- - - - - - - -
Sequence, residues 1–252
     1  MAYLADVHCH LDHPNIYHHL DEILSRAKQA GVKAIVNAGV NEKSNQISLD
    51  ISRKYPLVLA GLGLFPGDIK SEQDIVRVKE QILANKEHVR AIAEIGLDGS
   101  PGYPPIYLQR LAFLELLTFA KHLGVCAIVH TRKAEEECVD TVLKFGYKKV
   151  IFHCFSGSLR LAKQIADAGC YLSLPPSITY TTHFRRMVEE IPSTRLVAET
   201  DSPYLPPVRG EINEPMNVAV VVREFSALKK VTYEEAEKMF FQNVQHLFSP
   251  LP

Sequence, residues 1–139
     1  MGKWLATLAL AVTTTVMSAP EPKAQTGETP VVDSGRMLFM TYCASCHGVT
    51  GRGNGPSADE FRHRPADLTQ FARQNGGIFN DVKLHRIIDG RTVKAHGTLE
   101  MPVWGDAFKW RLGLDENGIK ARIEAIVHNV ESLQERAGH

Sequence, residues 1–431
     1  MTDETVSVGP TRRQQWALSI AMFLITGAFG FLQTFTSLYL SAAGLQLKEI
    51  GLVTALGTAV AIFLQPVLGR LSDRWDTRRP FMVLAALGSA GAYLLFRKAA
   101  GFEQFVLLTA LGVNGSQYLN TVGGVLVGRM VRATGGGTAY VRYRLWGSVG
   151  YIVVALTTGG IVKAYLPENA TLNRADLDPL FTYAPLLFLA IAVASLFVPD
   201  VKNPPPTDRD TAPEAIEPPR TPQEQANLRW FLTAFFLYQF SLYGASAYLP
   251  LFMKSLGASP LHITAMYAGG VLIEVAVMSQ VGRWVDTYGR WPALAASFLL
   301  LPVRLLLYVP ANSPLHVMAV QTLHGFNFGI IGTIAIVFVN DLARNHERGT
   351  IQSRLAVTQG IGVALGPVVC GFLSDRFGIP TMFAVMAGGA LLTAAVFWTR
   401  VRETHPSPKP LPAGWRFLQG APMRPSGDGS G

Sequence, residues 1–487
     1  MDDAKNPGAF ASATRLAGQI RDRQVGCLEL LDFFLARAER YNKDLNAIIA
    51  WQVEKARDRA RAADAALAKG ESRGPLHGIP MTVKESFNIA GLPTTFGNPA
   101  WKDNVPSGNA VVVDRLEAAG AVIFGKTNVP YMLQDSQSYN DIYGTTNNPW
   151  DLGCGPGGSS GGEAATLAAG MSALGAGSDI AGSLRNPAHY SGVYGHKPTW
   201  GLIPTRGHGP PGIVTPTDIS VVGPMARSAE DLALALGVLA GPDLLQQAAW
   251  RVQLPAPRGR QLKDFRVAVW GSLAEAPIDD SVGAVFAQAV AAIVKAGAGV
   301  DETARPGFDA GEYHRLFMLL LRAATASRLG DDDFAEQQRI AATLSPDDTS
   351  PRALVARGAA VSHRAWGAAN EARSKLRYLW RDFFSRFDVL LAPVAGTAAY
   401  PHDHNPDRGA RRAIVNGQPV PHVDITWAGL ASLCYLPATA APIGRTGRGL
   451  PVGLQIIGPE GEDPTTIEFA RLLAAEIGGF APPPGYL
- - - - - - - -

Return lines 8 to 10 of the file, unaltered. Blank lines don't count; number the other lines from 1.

Sequence, residues 1–139
     1  MGKWLATLAL AVTTTVMSAP EPKAQTGETP VVDSGRMLFM TYCASCHGVT
    51  GRGNGPSADE FRHRPADLTQ FARQNGGIFN DVKLHRIIDG RTVKAHGTLE